Sundance Review: THE MOLE AGENT Sneaks Its Way Into Your Heart

And then slowly yanks it out.

The Mole Agent was supposed to be a fun film. A documentary in which an 83-year-old man goes undercover at an old folks home to investigate possible wrong doings, the film begins with every indication it will be a light, even adorable spy send up. The score, the camera angles, the funny montage of the main private eye interviewing possible moles - all bolster the feel that this will be a spy pastiche with a perfect novel approach.

And then that’s not what happens. But the shift is not abrupt. PI Romulo eventually picks the thin and neat Sergio to be his mole agent. We laugh as he struggles to operate the iPhone he’ll use to file daily reports. There’s a joyful familiarity as he’s shown his spy gadgetry - a camera pen and pair of glasses. We are ready to watch this cute old man pretend to be a spy. The film even creates and shares a fake excuse to bring their cameras into the home to capture what happens.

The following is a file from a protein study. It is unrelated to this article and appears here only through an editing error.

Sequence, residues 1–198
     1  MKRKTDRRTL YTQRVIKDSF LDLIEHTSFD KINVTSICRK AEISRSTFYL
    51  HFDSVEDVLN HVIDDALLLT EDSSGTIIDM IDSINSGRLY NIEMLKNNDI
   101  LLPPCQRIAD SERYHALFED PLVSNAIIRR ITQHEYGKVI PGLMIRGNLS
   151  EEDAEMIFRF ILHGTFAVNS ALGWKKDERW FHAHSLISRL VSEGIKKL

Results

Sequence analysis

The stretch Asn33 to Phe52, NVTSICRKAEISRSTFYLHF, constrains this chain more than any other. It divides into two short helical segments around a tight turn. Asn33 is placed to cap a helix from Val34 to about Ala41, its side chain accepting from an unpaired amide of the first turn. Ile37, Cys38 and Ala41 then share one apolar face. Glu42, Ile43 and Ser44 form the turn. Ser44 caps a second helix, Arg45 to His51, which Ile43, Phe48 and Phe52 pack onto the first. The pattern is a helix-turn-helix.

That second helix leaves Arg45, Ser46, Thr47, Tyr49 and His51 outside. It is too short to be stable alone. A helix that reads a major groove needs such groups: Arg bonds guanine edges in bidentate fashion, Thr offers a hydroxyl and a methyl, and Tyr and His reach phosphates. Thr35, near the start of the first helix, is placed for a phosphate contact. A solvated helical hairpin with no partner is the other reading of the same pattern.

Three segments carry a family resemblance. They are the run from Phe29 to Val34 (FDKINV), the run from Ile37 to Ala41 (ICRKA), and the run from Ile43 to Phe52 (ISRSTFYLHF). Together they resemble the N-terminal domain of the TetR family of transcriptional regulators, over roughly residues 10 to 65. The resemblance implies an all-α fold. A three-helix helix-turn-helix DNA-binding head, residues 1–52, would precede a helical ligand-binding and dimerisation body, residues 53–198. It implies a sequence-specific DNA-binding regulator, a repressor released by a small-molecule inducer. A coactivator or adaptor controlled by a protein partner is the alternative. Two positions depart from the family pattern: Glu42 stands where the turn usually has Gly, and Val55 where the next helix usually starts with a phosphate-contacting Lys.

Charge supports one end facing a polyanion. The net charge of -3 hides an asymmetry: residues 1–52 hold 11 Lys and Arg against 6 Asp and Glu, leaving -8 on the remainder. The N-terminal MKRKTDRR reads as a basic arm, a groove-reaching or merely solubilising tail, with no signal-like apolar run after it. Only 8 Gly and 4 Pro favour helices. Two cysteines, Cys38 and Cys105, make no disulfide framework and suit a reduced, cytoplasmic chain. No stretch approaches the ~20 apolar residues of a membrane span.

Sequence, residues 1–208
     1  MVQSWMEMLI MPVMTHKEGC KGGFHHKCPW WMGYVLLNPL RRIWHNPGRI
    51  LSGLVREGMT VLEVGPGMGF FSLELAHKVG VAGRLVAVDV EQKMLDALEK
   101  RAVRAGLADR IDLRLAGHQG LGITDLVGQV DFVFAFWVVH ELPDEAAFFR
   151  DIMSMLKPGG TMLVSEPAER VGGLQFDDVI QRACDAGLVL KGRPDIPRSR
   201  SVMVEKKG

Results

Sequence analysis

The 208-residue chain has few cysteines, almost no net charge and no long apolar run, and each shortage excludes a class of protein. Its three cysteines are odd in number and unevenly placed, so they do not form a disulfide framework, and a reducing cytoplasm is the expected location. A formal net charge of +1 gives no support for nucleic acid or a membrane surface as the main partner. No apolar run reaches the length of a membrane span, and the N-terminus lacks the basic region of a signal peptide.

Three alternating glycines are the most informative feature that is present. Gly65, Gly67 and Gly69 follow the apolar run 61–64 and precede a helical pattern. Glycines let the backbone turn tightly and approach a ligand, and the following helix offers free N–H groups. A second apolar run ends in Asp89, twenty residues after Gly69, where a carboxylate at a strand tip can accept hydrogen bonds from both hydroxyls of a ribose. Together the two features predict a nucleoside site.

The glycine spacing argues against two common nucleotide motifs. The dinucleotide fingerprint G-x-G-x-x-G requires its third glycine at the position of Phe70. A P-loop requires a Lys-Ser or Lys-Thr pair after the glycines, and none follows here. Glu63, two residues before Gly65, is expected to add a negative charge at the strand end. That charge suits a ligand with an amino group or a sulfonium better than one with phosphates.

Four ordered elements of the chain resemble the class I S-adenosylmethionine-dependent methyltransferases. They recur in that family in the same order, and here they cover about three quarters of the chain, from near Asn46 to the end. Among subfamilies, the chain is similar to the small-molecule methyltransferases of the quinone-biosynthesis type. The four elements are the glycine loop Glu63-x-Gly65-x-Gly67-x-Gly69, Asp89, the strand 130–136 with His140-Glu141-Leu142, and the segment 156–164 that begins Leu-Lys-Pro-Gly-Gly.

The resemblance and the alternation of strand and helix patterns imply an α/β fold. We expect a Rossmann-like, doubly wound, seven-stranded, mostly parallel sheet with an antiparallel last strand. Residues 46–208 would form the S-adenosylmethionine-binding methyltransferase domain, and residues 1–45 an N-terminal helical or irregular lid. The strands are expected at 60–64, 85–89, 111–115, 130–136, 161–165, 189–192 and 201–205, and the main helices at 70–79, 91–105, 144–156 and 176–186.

We are all ready to go, and then Sergio begins doing the work of befriending a community of forgotten and abandoned people who want nothing more than human contact. Soon the very idea of calling them adorable becomes offensive. Sergio has a target to monitor but there’s not much for him to do, so instead he offers companionship to a host of troubled individuals. 

Sergio isn’t necessarily younger than the home’s occupants but he is much more lucid and mobile. He’s different. Luck, genes and various life choices likely contribute to this, but as the film progresses we get the idea that what sets him apart is his ongoing and healthy relationship with his daughter and her family. A recent widower, there is a dignified sadness to Sergio, but he has not been cast aside like everyone he meets in the home.

I feel documentaries often get set up for one thing and then have to hope for the best of what life gives them. The Mole Agent has the air of a film that would have preferred a more exciting and funny turn of events. Instead it’s a gentle meditation on loneliness and a fate that threatens us all. 

Which is all to say, this movie is a real emotional gem. And of course that is a great thing. But it’s important to know what you’re getting into when even the film itself starts out selling you on a different experience than it ultimately provides. I laughed, I cried, I immediately wanted to volunteer at one of these homes. I also considered taking up smoking again because I don’t think I ever want to be this old. Not everyone is as lucky as Sergio.